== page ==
Frank R. Lin, M.D., Ph.D., is the director of the Cochlear Center for Hearing and Public Health and a Professor of Otolaryngology, Medicine, Mental Health, and Epidemiology at Johns Hopkins. Dr. Lin is trained as an otologist with medical and surgical expertise in the management of hearing loss while his research is focused on studying questions at the interface of hearing loss, gerontology, and public health.
Keynote Address: Hearing, Aging, and Public Health
Medicine and public health have evolved through three eras over the past century. Beginning in the first half of the 20th century, infectious diseases were controlled for the first time in human history through vaccinations, antibiotics, and other strategies. Subsequently, throughout the 20th century, chronic diseases of middle and later life (e.g., cardiovascular disease, cancers) became the leading causes of mortality but have also increasingly been better controlled. These successes of public health have led to a rapidly increasing population of older adults living longer than ever before. In this third era of public health and medicine, we are now confronting the challenges of aging and how to best optimize the health and functioning of a growing population of older adults. In this era, hearing and our ability to engage effectively with the environment around us are critically important but not yet priorities in the spheres of public health and public policy.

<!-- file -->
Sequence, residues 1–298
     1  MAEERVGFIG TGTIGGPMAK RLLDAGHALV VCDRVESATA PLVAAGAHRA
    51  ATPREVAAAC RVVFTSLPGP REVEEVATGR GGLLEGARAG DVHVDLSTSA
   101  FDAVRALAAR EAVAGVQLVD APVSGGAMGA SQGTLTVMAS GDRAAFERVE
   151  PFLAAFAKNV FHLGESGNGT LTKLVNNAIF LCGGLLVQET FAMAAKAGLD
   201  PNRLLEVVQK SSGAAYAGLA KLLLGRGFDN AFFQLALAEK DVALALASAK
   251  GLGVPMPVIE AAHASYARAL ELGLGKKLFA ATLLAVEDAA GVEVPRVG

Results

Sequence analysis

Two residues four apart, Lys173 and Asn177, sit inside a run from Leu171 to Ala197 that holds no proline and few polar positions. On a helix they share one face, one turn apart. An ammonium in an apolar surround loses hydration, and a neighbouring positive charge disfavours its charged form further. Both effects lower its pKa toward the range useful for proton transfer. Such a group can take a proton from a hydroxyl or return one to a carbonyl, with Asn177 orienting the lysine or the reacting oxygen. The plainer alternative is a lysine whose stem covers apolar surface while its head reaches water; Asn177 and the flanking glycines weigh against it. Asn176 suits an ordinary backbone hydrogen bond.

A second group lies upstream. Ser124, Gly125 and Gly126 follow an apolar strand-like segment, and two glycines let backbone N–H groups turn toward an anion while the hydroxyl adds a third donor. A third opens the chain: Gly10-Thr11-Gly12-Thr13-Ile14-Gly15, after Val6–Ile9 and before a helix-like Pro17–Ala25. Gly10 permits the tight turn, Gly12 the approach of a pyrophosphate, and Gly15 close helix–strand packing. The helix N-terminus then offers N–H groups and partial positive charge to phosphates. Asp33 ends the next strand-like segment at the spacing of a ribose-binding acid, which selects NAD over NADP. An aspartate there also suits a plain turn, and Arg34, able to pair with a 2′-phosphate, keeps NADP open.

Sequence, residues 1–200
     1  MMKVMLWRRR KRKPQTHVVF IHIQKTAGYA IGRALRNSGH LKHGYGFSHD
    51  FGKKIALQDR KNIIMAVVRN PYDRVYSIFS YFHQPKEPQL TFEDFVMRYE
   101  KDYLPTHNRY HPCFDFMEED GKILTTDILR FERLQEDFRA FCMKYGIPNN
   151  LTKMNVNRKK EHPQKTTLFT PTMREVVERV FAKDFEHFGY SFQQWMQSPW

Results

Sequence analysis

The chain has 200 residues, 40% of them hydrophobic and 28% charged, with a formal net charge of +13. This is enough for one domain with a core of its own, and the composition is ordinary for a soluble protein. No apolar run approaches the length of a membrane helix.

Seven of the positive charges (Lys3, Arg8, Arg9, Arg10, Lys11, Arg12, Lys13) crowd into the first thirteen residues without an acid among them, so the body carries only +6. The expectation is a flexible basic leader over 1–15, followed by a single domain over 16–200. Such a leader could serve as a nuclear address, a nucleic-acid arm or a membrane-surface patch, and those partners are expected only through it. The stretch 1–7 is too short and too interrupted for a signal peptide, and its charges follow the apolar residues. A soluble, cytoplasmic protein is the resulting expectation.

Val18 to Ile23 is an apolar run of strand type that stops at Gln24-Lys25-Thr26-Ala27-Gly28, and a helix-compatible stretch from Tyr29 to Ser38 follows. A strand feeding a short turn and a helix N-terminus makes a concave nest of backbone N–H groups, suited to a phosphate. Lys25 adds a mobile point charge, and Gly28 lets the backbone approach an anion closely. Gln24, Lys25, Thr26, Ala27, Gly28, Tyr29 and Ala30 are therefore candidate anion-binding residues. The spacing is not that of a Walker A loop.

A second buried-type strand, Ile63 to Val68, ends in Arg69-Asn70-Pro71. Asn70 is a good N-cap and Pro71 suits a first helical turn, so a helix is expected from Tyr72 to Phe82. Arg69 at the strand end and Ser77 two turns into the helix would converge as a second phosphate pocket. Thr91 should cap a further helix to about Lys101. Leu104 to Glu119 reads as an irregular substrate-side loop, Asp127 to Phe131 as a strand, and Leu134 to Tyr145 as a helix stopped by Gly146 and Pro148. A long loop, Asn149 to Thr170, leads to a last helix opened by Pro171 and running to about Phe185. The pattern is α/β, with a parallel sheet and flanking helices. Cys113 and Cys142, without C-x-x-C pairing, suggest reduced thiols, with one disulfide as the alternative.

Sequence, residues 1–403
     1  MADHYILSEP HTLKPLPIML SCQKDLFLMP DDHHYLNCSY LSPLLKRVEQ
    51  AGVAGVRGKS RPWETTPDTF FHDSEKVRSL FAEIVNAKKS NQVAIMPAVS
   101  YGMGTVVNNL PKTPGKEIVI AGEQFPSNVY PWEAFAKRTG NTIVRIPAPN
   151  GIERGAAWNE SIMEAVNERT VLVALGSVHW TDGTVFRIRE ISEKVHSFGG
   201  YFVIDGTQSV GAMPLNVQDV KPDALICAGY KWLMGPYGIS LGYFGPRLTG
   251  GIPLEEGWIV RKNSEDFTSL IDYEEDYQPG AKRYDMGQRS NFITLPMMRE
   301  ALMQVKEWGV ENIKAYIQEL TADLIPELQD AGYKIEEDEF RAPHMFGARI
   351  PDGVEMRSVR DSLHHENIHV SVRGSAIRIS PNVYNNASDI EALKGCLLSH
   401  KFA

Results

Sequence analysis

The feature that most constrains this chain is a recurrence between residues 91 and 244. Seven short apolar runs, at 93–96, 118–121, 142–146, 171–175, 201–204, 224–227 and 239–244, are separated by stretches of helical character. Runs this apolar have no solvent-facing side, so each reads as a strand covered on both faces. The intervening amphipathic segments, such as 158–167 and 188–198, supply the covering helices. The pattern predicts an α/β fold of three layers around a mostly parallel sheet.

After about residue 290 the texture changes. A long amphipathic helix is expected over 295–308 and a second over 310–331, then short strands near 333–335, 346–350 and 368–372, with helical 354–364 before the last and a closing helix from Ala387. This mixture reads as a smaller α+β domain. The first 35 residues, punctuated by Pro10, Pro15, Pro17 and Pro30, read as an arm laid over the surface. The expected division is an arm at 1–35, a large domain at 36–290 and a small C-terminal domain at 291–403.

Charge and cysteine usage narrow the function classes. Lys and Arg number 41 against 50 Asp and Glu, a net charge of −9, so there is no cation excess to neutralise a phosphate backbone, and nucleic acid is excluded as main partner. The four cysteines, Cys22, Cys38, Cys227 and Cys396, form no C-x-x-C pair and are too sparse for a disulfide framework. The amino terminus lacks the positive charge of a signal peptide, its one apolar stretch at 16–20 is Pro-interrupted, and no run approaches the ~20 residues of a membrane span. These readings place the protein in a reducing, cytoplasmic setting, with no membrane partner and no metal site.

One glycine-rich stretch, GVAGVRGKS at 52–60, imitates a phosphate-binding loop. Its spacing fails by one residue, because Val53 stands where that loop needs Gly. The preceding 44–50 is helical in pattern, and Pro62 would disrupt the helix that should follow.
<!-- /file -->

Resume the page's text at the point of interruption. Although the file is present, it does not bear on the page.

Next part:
I will discuss research over the past several years that has demonstrated the broad implications of hearing loss for the health and functioning of older adults, particularly with respect to cognitive functioning, brain aging, and dementia. I will then discuss how this epidemiologic research has directly informed and led to current national initiatives in the United States focused on hearing loss and public health. These initiatives include the Aging and Cognitive Health Evaluation in Elders (ACHIEVE) randomized controlled trial and recent passage of the bipartisan Over-the-Counter Hearing Aid Act in 2017. This federal law overturns over 40 years of regulatory precedent around hearing aids in the U.S. in order to directly improve the accessibility and affordability of hearing care for older adults. Finally, I will provide some thoughts on future trends in addressing hearing loss as a public health problem and the need to develop new policies and approaches to hearing care.